Over a five-minute period, the churning auger reduced the celery to a damp, pulpy mess that slid from the pulp spout into a plastic container.

When I opened the juice spout, over 11 ounces of bright green liquid poured into the juice container. The juice was pulp-free and tasted like celery. If you like celery—and I don’t—you will love this juice.

The celery test

The celery test

The celery testThe celery testThe celery testThe celery test
The celery test

The Carrot Test

After quickly cleaning the various parts of the juicer, I reassembled the device. Then, I cut up enough carrots to fill my 28-ounce plastic container.

Once I’d transferred the carrots to the juicer’s feeding chute, I turned it on and waited as it mashed the vegetable, separating it into juice and a pulp substantially dryer than the celery.

Because carrot pulp is very fine, a small amount was mixed within the liquid produced by this device. I won’t complain, though, as the pulp improved the taste of my juice. The total yield was 7.7 ounces.

The carrot test

The carrot test

The carrot testThe carrot testThe carrot testThe carrot test

The carrot test

The Apple Test

I cleaned the juicer again and cut up enough apples to fill my 28-ounce container. Since fruit tends to be softer than vegetables, I was less concerned about the size of each slice.

Some of the half-mashed apple fragments tried to escape the deadly auger by plastering themselves against the edge of the container. Due to this act of cowardness, it took a couple of extra minutes to extract the 11.5 ounces of tasty apple juice fully.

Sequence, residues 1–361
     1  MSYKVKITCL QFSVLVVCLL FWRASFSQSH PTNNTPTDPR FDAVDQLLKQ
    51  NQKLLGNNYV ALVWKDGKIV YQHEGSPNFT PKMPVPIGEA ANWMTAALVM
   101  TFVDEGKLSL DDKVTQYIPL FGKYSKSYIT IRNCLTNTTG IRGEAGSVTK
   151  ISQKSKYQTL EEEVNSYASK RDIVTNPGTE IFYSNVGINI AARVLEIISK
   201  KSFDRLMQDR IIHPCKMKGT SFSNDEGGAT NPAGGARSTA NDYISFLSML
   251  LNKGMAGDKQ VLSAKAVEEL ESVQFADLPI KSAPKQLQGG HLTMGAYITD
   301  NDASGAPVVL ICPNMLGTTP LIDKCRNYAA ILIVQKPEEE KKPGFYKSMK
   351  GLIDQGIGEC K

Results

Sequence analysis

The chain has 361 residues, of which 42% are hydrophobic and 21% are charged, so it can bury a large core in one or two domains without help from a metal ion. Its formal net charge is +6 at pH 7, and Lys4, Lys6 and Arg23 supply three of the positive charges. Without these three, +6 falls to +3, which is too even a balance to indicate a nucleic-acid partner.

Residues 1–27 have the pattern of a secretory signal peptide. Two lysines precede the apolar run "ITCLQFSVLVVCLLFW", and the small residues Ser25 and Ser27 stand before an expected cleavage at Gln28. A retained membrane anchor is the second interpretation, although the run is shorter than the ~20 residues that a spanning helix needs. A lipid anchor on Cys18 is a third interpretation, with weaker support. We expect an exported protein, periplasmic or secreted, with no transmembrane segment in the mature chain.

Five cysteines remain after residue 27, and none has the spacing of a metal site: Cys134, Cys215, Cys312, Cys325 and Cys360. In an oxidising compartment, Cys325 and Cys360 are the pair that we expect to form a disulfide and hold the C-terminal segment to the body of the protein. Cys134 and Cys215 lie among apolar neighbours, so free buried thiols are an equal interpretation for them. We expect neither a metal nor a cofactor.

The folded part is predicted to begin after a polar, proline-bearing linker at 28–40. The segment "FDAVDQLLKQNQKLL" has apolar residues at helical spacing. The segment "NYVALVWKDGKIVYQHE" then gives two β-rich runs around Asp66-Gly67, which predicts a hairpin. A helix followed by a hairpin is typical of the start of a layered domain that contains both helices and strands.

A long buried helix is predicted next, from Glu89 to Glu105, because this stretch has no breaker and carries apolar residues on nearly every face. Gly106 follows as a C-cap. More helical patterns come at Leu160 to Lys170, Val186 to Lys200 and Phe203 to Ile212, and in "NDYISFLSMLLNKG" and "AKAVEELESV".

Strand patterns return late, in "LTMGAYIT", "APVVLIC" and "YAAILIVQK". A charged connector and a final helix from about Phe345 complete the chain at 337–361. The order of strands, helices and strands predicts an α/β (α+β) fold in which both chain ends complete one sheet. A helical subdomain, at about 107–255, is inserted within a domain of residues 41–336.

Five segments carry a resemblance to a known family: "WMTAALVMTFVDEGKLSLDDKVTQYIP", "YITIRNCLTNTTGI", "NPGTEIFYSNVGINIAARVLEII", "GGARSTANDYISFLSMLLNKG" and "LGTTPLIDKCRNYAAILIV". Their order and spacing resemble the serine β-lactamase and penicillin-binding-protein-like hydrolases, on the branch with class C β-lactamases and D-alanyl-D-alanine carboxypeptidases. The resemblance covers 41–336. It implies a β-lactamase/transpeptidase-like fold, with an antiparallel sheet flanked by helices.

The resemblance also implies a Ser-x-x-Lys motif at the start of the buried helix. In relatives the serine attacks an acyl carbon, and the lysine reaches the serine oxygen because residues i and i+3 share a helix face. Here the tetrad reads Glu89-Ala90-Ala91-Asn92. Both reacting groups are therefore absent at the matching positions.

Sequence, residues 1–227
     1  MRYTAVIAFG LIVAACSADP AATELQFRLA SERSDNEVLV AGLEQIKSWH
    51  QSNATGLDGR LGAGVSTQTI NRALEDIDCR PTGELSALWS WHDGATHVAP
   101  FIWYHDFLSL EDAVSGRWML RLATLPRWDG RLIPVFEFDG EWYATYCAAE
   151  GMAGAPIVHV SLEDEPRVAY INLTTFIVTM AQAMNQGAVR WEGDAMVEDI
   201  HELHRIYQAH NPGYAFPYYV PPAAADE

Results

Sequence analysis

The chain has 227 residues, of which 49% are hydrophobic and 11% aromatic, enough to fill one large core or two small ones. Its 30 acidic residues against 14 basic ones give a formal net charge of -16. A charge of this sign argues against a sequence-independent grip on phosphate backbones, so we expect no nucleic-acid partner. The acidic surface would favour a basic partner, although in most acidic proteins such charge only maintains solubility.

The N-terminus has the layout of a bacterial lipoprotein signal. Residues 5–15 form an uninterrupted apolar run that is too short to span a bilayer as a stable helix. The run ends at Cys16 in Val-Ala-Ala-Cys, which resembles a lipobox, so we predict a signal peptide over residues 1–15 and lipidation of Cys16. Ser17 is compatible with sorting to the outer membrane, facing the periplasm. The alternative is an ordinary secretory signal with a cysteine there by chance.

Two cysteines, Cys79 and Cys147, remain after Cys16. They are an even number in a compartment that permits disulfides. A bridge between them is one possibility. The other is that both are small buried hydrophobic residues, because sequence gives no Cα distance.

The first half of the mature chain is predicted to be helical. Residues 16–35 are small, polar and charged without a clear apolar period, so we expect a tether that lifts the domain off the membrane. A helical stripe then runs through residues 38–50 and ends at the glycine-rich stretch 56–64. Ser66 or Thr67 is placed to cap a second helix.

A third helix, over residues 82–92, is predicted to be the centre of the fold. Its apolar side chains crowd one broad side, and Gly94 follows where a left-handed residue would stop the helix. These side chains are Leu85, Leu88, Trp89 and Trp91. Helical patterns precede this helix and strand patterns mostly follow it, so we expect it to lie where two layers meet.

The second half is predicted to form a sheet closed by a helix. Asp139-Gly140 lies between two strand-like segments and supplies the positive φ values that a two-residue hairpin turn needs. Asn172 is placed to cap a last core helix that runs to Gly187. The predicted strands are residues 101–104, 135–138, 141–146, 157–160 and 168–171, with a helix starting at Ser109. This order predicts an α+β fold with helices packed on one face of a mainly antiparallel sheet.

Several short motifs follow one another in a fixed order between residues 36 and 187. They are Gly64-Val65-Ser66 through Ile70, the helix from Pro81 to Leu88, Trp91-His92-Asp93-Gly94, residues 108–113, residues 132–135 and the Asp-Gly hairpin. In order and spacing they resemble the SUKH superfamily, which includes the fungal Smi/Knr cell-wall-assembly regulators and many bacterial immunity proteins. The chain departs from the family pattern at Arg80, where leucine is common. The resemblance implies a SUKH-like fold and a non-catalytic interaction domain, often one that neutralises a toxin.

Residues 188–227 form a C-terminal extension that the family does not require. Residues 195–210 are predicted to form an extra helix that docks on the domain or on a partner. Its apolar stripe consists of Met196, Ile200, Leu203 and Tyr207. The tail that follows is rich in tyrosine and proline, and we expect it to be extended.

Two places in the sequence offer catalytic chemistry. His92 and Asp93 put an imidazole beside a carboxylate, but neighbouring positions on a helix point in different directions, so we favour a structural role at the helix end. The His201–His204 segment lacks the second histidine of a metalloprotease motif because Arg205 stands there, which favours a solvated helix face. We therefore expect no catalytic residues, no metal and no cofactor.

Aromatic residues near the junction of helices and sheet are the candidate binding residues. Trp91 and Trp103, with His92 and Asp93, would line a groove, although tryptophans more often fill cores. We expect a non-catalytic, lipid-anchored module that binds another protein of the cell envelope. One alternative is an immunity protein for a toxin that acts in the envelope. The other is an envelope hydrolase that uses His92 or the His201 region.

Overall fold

The apple test

The apple test

The apple testThe apple testThe apple testThe apple test

The apple test

The Orange Test

After cleaning the juicer, I peeled several clementines and separated them into individual sections. Then, I poured them from my 28-ounce container into the juicer’s feed chute.

Like the apples and celery, the resulting pulp was damp. However, my efforts were rewarded by 14 ounces of delicious orange juice.

The orange test

The orange test

The orange testThe orange testThe orange testThe orange test

The orange test

The Pineapple Strawberry Test

The precut pineapple chunks I purchased did not entirely fill my 28-ounce storage container. I made up the difference by adding a handful of plump strawberries.

As with some of my other ingredients, the pineapple pulp tended to retain moisture. The 12 ounces of juice this device produced, however, was excellent. In the future, I will often combine pineapple and strawberries in this juicer.

The pineapple-strawberry test

The pineapple-strawberry test

The pineapple-strawberry testThe pineapple-strawberry testThe pineapple-strawberry testThe pineapple-strawberry test

The pineapple-strawberry test

Overall Impression

The most significant selling point of this masticating juicer is convenience. Because it is equipped with a large feeding cup, it is not necessary to constantly add ingredients.

Varying amounts of moisture were retained in the pulp of some of the fruits and vegetables I processed. While a juice press is better than a masticating juicer at extracting pulp from juice, these devices are much more expensive.

Cleanup is easy, although pushing out the pulp trapped in the pulp spout’s rubber gasket can be a pain.

If you are looking for a juicer capable of extracting lots of tasty juice from fruits and vegetables, I recommend the AMZCHEF Self-Feeding Masticating Juicer.